More recently, the ISG Provider Lens SAP Ecosystem Report for Germany revealed that SAP partners are upbeat about services market across the board. The report surveyed the capabilities of 46 SAP services providers in four categories: SAP S/4HANA System Transformation (Large Accounts), SAP S/4HANA System Transformation (Mid-market), Managed Application Services for SAP ERP, and Managed Platform and Cloud Services for SAP ERP.
The German Economic Outlook
A report by Deutsche Bundesbank in June 2022 attempted to summarize how the positive and negative influences on the German economy would play out from 2022 through to 2024.
“The German economy is caught between opposing forces. As the pandemic containment measures have largely been rolled back, service providers and private consumption are receiving a strong boost. On the other hand, the steep rise in energy prices resulting from the war in Ukraine is driving up the already high inflation rate, eroding households’ purchasing power. Increased supply bottlenecks are throttling production and exports are also suffering from weaker demand.”
In June this year the German Economy minister Robert Habeck said that the German economy would reach 1.6% to 1.9% growth by next year, while the German government as a whole indicated it expected 1.6% growth in 2024.
While there is some range in the expected rate of growth, the average appears to be around 1.6% and most commentators agree that by 2024 the German economy would overcome its current challenges.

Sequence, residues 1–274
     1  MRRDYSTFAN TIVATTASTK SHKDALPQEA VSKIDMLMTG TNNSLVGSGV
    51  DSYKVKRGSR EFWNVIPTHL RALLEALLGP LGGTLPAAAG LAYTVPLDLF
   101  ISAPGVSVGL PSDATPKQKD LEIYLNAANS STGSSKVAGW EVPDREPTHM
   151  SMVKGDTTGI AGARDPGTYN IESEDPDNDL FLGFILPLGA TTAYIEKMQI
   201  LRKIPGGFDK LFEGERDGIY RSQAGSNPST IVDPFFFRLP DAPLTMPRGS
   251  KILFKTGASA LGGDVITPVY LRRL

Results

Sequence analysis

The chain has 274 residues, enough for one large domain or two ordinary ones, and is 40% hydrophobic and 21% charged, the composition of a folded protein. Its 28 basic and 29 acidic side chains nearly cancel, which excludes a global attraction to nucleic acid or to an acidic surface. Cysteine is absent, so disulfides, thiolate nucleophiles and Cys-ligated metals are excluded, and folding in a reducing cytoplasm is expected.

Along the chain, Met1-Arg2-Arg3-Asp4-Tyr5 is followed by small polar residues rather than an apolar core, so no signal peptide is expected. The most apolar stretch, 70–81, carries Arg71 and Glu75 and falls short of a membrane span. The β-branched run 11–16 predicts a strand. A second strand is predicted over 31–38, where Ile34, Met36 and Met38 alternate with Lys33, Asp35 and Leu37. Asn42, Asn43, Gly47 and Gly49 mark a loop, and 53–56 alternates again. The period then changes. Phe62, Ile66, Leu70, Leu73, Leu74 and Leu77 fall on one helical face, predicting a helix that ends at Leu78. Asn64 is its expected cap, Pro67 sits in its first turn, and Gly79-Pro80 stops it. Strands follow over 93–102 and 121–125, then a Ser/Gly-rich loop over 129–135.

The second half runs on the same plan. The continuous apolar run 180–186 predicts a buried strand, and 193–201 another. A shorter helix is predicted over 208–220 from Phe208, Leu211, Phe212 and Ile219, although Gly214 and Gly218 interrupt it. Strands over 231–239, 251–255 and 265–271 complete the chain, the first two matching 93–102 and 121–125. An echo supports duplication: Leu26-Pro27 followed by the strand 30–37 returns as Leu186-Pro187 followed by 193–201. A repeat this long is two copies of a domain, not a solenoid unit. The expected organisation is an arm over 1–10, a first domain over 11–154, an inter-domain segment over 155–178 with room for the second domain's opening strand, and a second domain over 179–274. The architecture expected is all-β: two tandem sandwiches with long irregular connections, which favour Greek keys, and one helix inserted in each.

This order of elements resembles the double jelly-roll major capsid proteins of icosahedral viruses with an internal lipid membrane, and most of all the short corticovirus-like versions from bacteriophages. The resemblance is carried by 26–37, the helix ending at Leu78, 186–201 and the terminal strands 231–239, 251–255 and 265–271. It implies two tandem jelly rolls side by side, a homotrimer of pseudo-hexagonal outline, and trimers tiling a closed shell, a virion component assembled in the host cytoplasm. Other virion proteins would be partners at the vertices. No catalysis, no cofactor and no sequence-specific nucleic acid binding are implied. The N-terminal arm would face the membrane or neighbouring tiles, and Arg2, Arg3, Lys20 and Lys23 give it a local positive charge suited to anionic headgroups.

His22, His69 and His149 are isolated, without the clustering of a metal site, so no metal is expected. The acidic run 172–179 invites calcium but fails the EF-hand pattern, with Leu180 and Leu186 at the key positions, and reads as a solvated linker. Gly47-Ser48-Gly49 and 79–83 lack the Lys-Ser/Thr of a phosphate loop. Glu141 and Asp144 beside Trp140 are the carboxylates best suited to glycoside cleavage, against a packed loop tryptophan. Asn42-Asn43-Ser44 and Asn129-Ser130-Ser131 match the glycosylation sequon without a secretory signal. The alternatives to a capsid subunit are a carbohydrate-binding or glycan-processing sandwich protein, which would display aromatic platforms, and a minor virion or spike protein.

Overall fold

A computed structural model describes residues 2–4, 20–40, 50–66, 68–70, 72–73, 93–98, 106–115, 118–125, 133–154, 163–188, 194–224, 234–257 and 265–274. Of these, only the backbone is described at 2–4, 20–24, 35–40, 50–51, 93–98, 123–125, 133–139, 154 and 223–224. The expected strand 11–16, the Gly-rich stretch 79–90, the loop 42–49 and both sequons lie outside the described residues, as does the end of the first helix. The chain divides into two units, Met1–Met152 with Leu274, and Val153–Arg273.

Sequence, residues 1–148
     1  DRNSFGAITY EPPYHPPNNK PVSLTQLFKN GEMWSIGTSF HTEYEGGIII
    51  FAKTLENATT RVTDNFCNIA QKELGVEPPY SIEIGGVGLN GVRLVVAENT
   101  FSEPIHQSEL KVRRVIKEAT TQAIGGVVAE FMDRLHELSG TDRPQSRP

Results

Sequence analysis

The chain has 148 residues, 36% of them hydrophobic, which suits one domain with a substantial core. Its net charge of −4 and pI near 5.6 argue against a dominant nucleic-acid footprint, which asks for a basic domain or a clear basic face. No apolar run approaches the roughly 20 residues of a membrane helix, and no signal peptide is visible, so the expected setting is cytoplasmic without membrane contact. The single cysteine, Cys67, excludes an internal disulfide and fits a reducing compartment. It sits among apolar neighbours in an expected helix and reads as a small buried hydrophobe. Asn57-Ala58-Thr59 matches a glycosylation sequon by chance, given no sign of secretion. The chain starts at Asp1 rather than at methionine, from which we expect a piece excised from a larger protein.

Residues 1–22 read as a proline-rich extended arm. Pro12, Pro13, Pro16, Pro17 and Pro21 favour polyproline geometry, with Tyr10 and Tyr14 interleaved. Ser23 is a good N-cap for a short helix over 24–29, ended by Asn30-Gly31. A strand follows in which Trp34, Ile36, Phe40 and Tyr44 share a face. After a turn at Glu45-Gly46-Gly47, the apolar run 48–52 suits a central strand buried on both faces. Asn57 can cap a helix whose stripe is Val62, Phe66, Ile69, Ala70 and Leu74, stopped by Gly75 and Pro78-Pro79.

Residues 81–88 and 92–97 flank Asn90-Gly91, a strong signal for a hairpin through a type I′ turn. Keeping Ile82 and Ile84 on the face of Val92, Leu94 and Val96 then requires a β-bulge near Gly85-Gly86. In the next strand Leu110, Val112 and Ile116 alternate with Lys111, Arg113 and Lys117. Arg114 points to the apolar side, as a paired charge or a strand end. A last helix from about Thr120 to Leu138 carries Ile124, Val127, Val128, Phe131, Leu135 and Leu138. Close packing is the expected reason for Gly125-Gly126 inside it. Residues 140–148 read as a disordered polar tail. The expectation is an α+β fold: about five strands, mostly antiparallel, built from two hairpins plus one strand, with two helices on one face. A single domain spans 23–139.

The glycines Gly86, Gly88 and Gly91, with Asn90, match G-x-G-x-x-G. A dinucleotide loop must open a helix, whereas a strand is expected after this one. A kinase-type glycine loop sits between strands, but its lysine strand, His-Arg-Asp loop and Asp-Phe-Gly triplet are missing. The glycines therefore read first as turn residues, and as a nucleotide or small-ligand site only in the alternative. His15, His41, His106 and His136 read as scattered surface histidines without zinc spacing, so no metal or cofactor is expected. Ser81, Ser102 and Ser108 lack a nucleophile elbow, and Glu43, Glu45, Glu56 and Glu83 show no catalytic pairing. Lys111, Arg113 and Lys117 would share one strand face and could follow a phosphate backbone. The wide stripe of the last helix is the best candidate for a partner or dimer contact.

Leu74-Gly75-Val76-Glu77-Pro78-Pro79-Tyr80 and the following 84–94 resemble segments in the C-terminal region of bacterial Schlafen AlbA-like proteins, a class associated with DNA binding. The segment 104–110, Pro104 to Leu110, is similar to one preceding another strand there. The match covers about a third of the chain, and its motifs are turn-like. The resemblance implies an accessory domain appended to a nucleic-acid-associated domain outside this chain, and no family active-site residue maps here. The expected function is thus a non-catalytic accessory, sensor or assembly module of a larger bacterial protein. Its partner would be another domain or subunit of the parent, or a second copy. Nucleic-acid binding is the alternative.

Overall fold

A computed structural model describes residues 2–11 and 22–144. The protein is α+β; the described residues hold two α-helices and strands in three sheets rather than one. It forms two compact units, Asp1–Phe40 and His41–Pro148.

Habeck said that German economic strategy was based on resilience, sustainability and innovation , and that Germany was achieving those ideals by diversifying supply chains and enhancing digitization. He also said that Germany was fostering innovation potential by investing in research and development, and supporting start-ups and SMBs.
Germany’s economy was in a better position compared to many other countries to withstand the impact of Covid-19, the Ukraine war, and the associated disruptions. What both the public and private sector in Germany have discovered during this period of upheaval is that digital transformation has provided enterprises with agility and resilience.
Germany’s strategic emphasis on digitization, and its close relationship with corporations like SAP who are able to provide access to innovative technology to companies of all sizes has allowed it to out-perform many other European countries.
From the perspective of those working in the SAP services sector, the disruption of the last few years has not only demonstrated the effectiveness of SAP systems for business resilience, but also acted as a catalyst for those customers and potential customers who required a little more encouragement to invest further in their business processes.
Now we have reached the stage where most SAP customers and many new ones are increasingly aware of the necessity of optimal ERP and there is a shortage of SAP talent to carry out projects required to bring corporations back to optimal operations.
The pace of technological change, including disruptive technologies like AI, coupled with SAP’s own modifications to its portfolio, places additional pressure on the situation, emphasizing a focus on a cloud-first approach.
It now appears that in order for businesses in Germany and elsewhere to maintain profitability they need to act, and their action requires skilled and experienced SAP consultants, leading to extreme demand for their services.